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Best way to get 2D overlays or images on screen (for a GUI).


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#1 Kwizatz   GDNet+   -  Reputation: 1168

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Posted 31 May 2013 - 12:17 PM

I am finally putting some effort towards my open source GUI library, which is meant to be generic but has OpenGL 3.x as the main focus for now since that's what my engine uses.

 

I decided to do away with a lot of cruft it had accumulated, doing away with OpenGL 1.5 support and focus on OpenGL 3.2+ core profile.

 

In order to keep the library generic enough that it could eventually be used with D3D, SDL or some other graphics API, I have separated the library into modules, a core, which does all graphic API (GAPI) independent operations and a renderer which does the specific API operations.

 

I keep an image buffer that represents the screen or the drawable area of the window hosting the GAPI, and the base renderer class draws lines, rects and so on to this buffer.

 

On the specific GAPI renderer, OpenGL in this case, I keep a texture object and each frame (for now, I will be doing it only when necessary later on), I issue a glTexSubImage2D with the contents of the image system buffer, then I render a quad (triangle strip really) textured with this texture over the whole screen.

 

So, I was wondering if this is the way to go or if I should be looking for some of the new fancy stuff on OpenGL 3.x+, it would be nice to keep image data entirely on the GPU, I don't think there is a simple way to access that memory for example to only change 15 pixels worth of a text caret, is there?

 

I considered keeping multiple textures (one per window/widget), but I don't know how optimal would that be, I guess as long as the window dimensions don't change much, it may be an improvement.

 


Check out my OpenGL GUI Library at github.


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#2 Ashaman73   Crossbones+   -  Reputation: 5854

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Posted 04 June 2013 - 06:07 AM

Take a look into PBOs, which might be helpful in your situation.



#3 Kwizatz   GDNet+   -  Reputation: 1168

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Posted 04 June 2013 - 07:49 AM

Thanks, I read that page before, but couldn't figure out exactly how it could help, looking at it, it seems that PBO's would replace the calls to glTexSubImage, am I correct?

 

I'll look further into it.


Check out my OpenGL GUI Library at github.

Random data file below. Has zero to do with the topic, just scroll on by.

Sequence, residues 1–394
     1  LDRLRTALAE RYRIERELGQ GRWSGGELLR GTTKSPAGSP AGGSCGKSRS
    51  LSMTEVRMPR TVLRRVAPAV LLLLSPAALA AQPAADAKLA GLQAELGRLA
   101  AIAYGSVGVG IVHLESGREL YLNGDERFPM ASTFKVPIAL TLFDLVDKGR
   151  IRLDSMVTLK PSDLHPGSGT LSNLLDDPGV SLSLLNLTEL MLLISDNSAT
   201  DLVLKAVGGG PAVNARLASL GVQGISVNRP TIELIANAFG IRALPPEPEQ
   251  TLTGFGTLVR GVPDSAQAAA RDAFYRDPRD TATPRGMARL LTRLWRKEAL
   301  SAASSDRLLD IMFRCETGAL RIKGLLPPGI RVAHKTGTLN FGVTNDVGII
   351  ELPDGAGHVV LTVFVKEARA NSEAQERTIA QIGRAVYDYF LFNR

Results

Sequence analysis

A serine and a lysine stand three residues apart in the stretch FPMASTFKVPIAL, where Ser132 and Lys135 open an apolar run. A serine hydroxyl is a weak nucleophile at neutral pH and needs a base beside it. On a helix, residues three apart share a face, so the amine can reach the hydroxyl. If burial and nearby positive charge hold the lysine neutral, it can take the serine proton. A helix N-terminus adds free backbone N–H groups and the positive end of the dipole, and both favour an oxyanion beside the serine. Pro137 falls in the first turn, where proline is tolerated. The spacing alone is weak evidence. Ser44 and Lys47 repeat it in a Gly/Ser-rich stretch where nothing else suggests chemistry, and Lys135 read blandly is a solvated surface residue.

#4 Kwizatz   GDNet+   -  Reputation: 1168

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Posted 04 June 2013 - 09:02 AM

Ok, I see, I can create a PBO to which I would copy over my client-side pixel buffer data and then call glTexSubImage on it, which would immediately return firing the transfer from PBO to texture memory asynchronously. As the article says, this may not be much of an improvement depending on what I do after the call to glTexSubImage since it likely already copies over the client memory to do the upload.


Check out my OpenGL GUI Library at github.


#5 mhagain   Crossbones+   -  Reputation: 6367

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Posted 04 June 2013 - 09:31 AM

As a general rule, a PBO is really only useful if you don't need to do anything until a frame or more after the transfer.  Otherwise you're incurring the transfer overhead twice - once from system memory to the PBO and once from the PBO to the texture - and both must complete before you can draw anything.  You'd also have a hard time porting it to D3D as the concept of PBOs doesn't even exist there (they're not needed as the specific problems they solve don't exist in the same way).


It appears that the gentleman thought C++ was extremely difficult and he was overjoyed that the machine was absorbing it; he understood that good C++ is difficult but the best C++ is well-nigh unintelligible.


#6 Kwizatz   GDNet+   -  Reputation: 1168

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Posted 04 June 2013 - 10:15 AM

Yes, I was thinking about that, and thinking that maybe if I made all changes to the client buffer and fire the transfer at the end of a frame, doing a deferred render of the overlay on the next frame, in other words, fill the buffer and start the transfer, do all other rendering operations and then render the overlay, the overlay would always be a frame behind though.

 

Anyway, it seems that the way I am doing it is the way to go, I tried before using OpenGL primitives (for example use GL_LINES to draw a line, GL_QUADS to draw rectangles, etc), but that was never consistent between different graphic cards. I also tried glRasterPos and glDrawPixels, but I read somewhere that doing that was far from optimal...


Check out my OpenGL GUI Library at github.


#7 mhagain   Crossbones+   -  Reputation: 6367

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Posted 04 June 2013 - 02:43 PM

glDrawPixels can be reasonably optimal; I wouldn't rule it out.  If you've a simple enough use case (i.e. no alpha blending, no scaling) and if you match the format and type parameters to what your framebuffer uses natively (commonly GL_BGRA and GL_UNSIGNED_INT_8_8_8_8_REV), and if you remember to disable all texturing/lights/etc before issuing the call, it can do quite a fast transfer, and is probably the simplest way to get the job done.